Finding Hyacinth Macaw Anodorhynchus hyacinthinus in the Pantanal, Mato Grosso, Brazil

by M.J. WHITTINGHAM, A.F.BROWN, A.DREWITT and S.REES. Published in Cotinga, the journal of the Neotropical Bird Club, Issue 10, Autumn 1998 (Pages 66-67)

(Website editor: Cotinga is the journal of the Neotropical Bird Club, c/o The Lodge, Sandy, Beds SG19 2LD, U.K. It is well worth subscribing to this biannual journal. By paying a little extra subscribers in Europe, the USA and other locations outside South and Central America can sponsor a subscription for a fieldworker or scientist there. E-mail enquiries to csbalchin@bigfoot.com and the websitehttp://www.neotropical.org.)

One of the most sought-after species by ornithologists visiting South America is the Hyacinth Macaw Anodorhynchus hyacinthinus. Formerly much more common and widespread, the cagebird trade has decimated the population and it appears likely that many more are now in captivity than occur in the wild. The species is in danger of extinction and is classified as threatened (Vulnerable/Rare).

In1996, we visited the Pantanal in Mato Grosso, Brazil, from 1-6 September. This vast wetland supports a wide variety of spectacular and rare species, and one of our main aims was to find Hyacinth Macaws. We concentrated our search almost entirely along the Transpantaneira, the road running virtually due south from Poconé to Porto Jofre. We only left the road on two occasions for short walks, each of less than two hours in duration, into the adjoining ranching/swampland area. Our most interesting observations are shown in Fig. 1.

Hyacinth Macaws were encountered at the following places: one flew parallel with the road and then perched 3m (10ft) in a palm tree near Poconé on 1 September; at least three were in an area of open fields grazed by cattle and with scattered trees between 41 and 42 km (25/26 miles) south of Poconé on 3 September; and five were in a similar open area with a few large mature trees c.98 km (approx. 62 miles) south of Poconé on 4 September. Additional records came from around Porto Jofre (see Fig. 2), where we stayed at the Pousada Tayuman from 4 - 6 September. Up to 14 Hyacinth macaws were present throughout our stay and were extremely approachable. They came to feed from buckets placed atop poles within the hotel complex. A maximum of 14 was also recorded nearby, feeding in part of a small oil-palm plantation near the Hotel Santa Rosa. The species was reported in this area in July 1988 and it seems possible that this small population has survived for some time in close proximity to humans.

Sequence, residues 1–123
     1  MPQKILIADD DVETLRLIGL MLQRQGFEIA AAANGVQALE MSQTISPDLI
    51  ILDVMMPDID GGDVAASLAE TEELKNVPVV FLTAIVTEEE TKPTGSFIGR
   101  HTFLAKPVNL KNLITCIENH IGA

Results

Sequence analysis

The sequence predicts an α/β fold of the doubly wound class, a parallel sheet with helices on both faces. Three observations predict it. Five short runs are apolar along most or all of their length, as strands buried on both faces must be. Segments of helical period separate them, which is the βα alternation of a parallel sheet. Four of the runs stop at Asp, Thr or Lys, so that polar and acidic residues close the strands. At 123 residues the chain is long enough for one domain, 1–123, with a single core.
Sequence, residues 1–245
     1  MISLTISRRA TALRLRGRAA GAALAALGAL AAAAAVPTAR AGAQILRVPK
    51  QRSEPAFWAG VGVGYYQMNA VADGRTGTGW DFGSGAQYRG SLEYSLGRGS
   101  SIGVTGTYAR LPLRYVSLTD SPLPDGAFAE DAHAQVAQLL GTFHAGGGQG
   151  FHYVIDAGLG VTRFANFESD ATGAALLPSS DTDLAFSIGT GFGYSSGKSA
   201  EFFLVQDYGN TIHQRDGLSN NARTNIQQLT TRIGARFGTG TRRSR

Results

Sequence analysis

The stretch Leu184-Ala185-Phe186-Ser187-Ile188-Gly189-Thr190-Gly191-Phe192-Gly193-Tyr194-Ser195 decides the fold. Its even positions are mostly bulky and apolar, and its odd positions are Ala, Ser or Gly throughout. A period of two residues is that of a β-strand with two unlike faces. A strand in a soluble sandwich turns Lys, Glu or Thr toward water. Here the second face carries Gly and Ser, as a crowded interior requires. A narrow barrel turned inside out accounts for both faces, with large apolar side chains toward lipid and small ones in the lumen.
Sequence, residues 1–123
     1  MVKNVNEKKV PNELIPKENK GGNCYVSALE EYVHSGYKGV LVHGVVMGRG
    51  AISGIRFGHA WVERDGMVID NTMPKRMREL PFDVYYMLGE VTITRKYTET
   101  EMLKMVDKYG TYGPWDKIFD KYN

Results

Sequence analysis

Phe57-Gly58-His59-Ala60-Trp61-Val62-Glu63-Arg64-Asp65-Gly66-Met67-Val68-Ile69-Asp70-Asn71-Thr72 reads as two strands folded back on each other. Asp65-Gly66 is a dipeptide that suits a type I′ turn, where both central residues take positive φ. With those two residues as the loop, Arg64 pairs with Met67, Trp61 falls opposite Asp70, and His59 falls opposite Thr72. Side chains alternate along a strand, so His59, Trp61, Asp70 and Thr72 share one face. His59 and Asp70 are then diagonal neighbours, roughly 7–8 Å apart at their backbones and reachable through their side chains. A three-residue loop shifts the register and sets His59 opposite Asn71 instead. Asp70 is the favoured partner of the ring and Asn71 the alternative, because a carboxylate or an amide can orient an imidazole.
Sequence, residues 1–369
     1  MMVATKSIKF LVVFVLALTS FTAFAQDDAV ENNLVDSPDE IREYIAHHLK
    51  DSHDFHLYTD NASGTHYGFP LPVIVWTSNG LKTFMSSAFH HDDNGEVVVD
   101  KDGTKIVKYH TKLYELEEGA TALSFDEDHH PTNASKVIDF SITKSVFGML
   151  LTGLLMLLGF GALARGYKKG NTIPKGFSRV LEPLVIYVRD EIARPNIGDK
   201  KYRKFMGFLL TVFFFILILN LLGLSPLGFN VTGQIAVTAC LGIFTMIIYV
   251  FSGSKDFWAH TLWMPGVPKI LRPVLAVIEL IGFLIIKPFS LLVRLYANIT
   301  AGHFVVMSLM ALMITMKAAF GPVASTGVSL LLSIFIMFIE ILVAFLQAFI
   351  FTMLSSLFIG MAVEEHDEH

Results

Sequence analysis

We recommend Porto Jofre, and the Pousada Tayuman in particular, as an extremely good area to obtain prolonged and close views of this species. The use of plantation oil palms and farmland and the species' apparent ability to tolerate human activity may bode well for its future survival in this area.

Reference

 Collar, N.J., Gonzaga, L.P., Krabbe, N., Madroño Nieto, A., Naranjo, L.G.,Parker, T.A. & Wege D.C. (1992) Threatened Birds of the Americas: the ICBP/IUCN Red Data Book, Cambridge, U.K: International Council for Bird Preservation.

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